In a previous post, we analyzed millions of hostel reviews to come up with the most up-and-coming backpacker destinations. As we were analyzing the data for that post, we discovered a pretty noticeable phenomenon: as a major hub became popular, other regional cities grew as well, but with a short delay as the market caught up. It’s something we’re calling Tourism Contagion.
Anecdotally, this makes sense - if you’ve ever gone on an extended backpacking trip, you know how easy it is to find recommendations of the next cities to visit. Whether you land in Bangkok, Buenos Aires, or Barcelona, other travelers are always eager to tell you about the new, untouched “hot spot” just a short bus or train ride away.
From a wider economic view, it also makes sense that “new” tourism destinations can only remain new for so long, and it’s inevitable that travelers and tourism providers will begin to spread through a country or region as the market develops. We decided to take a closer look at this "tourism contagion" phenomenon to understand more about how it develops.
We started with our dataset of over 3.5 million hostel reviews taken from over 3,000 properties over 14 years on HostelWorld. We then segmented these by city, country, and region so that we could begin to measure annual growth.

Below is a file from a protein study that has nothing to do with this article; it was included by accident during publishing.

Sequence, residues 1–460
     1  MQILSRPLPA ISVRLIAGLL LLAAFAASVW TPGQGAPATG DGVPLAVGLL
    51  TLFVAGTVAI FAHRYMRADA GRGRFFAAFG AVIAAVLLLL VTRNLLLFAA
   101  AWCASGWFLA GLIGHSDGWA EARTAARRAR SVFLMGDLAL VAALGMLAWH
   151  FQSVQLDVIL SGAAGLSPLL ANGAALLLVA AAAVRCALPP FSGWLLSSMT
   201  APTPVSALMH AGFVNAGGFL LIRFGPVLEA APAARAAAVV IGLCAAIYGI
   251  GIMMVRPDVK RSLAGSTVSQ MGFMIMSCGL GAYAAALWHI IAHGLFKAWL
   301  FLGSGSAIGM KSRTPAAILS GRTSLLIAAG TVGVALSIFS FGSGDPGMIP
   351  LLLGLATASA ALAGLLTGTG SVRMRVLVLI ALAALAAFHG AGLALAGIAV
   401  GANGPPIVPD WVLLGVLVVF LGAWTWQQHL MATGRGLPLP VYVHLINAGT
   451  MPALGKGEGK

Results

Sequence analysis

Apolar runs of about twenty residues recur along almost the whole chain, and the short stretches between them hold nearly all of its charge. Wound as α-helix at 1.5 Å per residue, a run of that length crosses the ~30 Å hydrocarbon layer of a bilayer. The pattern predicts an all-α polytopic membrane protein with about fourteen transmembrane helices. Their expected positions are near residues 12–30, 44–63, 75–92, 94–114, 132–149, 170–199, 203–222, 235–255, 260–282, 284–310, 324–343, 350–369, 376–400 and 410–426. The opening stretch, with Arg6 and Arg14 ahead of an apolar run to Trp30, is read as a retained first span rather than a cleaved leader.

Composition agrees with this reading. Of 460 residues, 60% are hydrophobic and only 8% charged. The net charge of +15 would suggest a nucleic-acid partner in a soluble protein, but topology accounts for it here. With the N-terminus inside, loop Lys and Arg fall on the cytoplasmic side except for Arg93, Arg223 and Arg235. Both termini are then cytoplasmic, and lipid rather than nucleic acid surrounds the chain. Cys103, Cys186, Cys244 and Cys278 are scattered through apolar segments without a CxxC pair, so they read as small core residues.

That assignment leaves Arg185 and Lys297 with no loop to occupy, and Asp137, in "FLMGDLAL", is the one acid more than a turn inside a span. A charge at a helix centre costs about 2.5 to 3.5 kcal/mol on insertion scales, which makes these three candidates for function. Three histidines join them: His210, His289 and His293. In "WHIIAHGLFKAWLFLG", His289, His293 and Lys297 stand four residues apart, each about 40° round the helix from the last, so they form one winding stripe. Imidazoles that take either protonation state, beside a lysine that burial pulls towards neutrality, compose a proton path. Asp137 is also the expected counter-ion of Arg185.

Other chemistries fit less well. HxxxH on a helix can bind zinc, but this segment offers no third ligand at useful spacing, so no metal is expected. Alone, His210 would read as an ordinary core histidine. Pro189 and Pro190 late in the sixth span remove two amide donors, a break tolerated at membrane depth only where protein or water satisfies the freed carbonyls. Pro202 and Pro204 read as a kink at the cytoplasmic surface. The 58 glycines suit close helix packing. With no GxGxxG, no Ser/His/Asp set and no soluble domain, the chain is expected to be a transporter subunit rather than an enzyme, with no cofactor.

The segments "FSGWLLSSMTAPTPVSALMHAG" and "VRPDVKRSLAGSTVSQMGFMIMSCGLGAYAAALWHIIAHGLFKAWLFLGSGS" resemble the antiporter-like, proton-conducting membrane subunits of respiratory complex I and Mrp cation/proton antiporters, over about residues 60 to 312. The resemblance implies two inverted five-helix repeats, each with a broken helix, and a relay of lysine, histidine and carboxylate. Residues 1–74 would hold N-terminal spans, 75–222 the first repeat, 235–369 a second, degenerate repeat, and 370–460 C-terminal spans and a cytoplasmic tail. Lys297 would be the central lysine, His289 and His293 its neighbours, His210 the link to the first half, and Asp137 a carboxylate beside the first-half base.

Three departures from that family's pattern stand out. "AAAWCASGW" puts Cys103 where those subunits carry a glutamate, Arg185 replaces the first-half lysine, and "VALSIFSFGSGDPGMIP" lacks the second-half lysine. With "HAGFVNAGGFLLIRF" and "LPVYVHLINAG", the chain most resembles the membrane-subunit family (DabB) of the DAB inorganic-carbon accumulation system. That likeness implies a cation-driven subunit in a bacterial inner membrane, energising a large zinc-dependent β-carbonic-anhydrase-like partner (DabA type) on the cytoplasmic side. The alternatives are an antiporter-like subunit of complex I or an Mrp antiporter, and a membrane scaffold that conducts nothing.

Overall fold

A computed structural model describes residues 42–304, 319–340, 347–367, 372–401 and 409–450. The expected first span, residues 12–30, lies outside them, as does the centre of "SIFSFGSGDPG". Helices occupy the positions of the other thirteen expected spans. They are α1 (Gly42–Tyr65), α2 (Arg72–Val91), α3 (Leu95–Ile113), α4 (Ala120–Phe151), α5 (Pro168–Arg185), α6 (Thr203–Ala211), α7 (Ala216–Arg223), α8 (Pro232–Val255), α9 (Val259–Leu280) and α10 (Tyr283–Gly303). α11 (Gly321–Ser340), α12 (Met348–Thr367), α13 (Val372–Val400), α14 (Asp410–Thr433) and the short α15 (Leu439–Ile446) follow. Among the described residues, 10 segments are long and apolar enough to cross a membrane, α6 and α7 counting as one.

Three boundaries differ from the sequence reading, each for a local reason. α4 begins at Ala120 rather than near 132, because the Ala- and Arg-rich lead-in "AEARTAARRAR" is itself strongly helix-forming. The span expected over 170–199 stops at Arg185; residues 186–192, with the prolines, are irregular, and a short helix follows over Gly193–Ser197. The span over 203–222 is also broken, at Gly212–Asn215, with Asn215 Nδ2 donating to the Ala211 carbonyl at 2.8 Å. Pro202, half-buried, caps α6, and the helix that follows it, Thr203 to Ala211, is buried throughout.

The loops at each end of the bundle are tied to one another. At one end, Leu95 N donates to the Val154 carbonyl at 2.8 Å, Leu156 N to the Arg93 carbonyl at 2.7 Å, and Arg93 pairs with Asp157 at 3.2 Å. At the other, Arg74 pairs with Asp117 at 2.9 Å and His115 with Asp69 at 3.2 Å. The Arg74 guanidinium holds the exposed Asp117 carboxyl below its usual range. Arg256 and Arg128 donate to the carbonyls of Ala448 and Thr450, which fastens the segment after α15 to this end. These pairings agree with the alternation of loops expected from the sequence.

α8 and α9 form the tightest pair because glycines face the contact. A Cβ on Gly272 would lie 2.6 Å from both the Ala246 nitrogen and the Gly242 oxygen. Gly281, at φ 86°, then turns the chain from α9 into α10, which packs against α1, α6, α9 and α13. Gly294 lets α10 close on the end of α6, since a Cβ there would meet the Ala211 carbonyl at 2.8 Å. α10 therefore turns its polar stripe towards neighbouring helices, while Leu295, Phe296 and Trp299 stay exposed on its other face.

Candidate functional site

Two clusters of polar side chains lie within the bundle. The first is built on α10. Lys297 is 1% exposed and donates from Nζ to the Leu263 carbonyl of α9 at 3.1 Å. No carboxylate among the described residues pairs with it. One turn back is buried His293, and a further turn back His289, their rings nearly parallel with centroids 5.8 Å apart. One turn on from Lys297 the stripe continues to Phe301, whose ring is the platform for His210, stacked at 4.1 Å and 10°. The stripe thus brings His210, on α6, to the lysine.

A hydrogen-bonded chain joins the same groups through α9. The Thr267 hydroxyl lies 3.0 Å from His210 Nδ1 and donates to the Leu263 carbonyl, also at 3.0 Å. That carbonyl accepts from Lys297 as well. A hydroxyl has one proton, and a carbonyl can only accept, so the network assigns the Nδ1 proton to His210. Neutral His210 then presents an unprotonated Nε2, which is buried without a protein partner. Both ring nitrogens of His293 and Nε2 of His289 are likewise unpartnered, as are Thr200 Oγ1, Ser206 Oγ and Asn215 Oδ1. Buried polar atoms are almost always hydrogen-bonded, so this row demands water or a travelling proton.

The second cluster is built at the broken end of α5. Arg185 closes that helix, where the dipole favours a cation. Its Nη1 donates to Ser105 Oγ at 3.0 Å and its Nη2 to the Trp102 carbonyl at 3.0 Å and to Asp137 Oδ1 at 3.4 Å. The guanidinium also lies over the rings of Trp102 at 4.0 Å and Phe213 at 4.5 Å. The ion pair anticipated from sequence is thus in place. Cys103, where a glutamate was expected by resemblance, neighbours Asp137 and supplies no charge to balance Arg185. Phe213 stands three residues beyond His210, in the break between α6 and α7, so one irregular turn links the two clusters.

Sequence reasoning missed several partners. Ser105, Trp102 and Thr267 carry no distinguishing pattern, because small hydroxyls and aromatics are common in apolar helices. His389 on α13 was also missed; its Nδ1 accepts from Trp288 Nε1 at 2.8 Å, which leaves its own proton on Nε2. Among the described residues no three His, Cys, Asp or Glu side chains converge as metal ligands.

It is important to note that this article analyzes the growth of online travel reviews. We are using this as a proxy for overall growth in the backpacker community, but these figures could indicate simply indicate hostels "coming online". Many hostels were likely serving guests for many years before they made themselves available on HostelWorld.
We found that secondary cities started to grow around 2-3 years after the hub cities became popular. As travelers moved to these secondary cities, they acted as hubs for new destinations nearby.
To visualize this phenomenon, let’s take a look at the explosive growth of Southeast Asia in the last 12 years.
Bangkok started to pick up on the backpacker circuit in 2008, reaching over 1,000 reviews generated that year. This contagion quickly spread to other regional hubs and by 2011, Chiang Mai, Siem Reap, Hanoi, and Ho Chi Minh City were each generating over 1,000 reviews per year as well. As these new hubs grew, we see the next set of destinations coming online, like Pai, the Thai Islands, Phnom Penh, Hue, and Hoi An. You can see this in another way with the following graph:
To make it easier to read, here's the same graph up to 2015, excluding Bangkok:
We see this same effect in Central America.
In 2012 some cities in Costa Rica and Panama were starting to gain in popularity, while the Mexico City to Yucatan circuit was growing as well. Fast forward to 2016 and we see that the two routes have nearly converged, with travelers now venturing into Nicaragua, Belize, Guatemala, and Honduras.
Interestingly, East Asia has not seen the growth in hostel visits like Southeast Asia. In the last few years, with the exception of Japan, the number of cities coming online and the overall review count has remained stagnant or declined:
We found that the travel market grows and spreads throughout a country or region from major hubs to secondary cities, something we’re calling Tourism Contagion. This pattern doesn’t show any signs of slowing down either, so be on the lookout for the next up-and-coming hot spots.
How We Created the Visuals
The animated maps were created in two steps. First, we created one frame for each year using Tableau. We then used Photoshop to fade each frame together and create a gif. You can see the PSD we used to create Southeast Asia here